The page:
In other bills
- Duty to promote local democracy
- Duty to respond to petitions
- Calling officers to account
- Amendments to Widdicombe rules restricting top officers’ political activity
- Remote meeting attendance and voting for councillors
- ‘Parachute’ payments for councillors on leaving office
- Incentives to vote in local elections
- Removing barriers to elected mayors (The government is currently conducting a consultation)
- Reforming parish council governance (The government is in talks with the National Association of Local Councils)
Most of those who were lukewarm about the deceased bill are at one with Ms Blears’ critique about the demise of local democracy. They realise that councillors – generally middle-aged, male and white - are seen as unrepresentative of the public and the image problem of local representatives has led a drought of candidates.
Fewer people bother to vote in local polls if councillors are rarely the focal point through which residents, neighbourhoods and local groups gain an input into the biggest decisions affecting their lives.
It had been originally hoped last year’s white paper would help make the health and police services more accountable but the Department of Health and Home Office proved resistant. But it is only when all local public services become more influenced by local democracy that residents will be genuinely empowered.
Cllr Kemp pointed out that 75% of public expenditure in his Liverpool City Council ward was channelled through quangos, rather than democratically accountable bodies. “The only way to help local democracy is to get rid of quangos,” he stated.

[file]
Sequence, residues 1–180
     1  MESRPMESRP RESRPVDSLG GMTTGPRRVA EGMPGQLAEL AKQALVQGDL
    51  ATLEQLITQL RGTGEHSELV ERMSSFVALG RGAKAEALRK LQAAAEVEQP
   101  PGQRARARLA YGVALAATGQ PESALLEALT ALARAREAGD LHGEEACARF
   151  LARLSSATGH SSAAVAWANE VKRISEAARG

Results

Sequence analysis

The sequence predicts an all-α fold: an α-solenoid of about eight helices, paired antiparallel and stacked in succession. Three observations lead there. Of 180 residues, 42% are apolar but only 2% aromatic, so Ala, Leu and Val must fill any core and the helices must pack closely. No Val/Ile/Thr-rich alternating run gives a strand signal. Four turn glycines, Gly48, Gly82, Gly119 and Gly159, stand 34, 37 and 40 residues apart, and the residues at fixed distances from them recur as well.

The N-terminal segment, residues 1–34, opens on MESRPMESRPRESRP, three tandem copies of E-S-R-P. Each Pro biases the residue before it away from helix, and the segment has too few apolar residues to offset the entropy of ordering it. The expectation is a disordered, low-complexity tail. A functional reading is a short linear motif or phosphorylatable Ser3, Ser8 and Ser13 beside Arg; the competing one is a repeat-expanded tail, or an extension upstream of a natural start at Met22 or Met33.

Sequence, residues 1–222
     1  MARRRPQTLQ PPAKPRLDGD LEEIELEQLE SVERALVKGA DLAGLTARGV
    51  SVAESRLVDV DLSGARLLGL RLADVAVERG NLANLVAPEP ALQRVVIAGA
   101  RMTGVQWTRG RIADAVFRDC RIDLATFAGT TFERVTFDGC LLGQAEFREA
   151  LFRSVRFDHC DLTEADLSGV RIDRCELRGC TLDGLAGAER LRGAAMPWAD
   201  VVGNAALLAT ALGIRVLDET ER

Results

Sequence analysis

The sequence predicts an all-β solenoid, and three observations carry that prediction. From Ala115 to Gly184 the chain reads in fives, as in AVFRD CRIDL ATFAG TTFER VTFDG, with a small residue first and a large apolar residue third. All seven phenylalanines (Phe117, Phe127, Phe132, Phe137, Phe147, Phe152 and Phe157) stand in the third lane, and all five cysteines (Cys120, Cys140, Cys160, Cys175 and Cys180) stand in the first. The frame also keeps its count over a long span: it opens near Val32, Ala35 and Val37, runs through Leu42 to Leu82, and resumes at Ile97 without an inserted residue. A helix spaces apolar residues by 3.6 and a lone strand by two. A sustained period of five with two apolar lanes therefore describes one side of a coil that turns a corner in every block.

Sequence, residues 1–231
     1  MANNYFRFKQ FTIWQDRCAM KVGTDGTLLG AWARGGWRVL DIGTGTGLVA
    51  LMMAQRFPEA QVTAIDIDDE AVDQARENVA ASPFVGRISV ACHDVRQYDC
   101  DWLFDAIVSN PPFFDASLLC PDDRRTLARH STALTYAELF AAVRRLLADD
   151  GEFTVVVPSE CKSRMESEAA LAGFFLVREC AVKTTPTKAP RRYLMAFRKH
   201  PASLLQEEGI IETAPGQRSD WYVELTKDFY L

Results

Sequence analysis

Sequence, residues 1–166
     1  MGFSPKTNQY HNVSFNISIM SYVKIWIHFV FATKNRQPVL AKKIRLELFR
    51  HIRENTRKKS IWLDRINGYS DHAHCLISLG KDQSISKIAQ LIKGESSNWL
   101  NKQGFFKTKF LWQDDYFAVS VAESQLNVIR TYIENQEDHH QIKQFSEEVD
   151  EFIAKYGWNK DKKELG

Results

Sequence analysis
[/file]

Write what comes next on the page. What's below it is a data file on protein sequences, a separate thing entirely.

And it is not just quangos and their sponsoring Whitehall departments that need to change their mindset. Political parties do too.
The Councillors Commission set up by the Department for Communities & Local Government to propose reform suggested in 2007 that councillors should be limited to a maximum of five terms in order to get more people involved in local democracy. The Labour government, anxious not to anger its long-serving councillors – who are generally willing to campaign on its behalf - rejected the recommendation.
Commission member Ben Page, the managing director of Ipsos MORI public affairs, said:“When people are on councils for 20 or 30 years, sometimes unelected as no one stands against them, you don’t see the political class extended.”
But even this would be insufficient to make Ms Blears’ dream reality, he said. “Ultimately it will take a government with a huge majority and with a reasonable economy to redraw the balance of power.”
It is clear that Ms Blears’ Community Empowerment Bill will be mourned by few. The empowerment agenda will edge forward through other legislation but it is not in Parliament that the top-down culture will be transformed into bottom-up.
When Whitehall finally lets go of the strings controlling local public services, one might hope that residents realise their newfound potential influence and become more willing to participate in politics. But, until then, councils and political parties can do much to empower the people whether or not they have a communities secretary who can foist her vision on reluctant colleagues.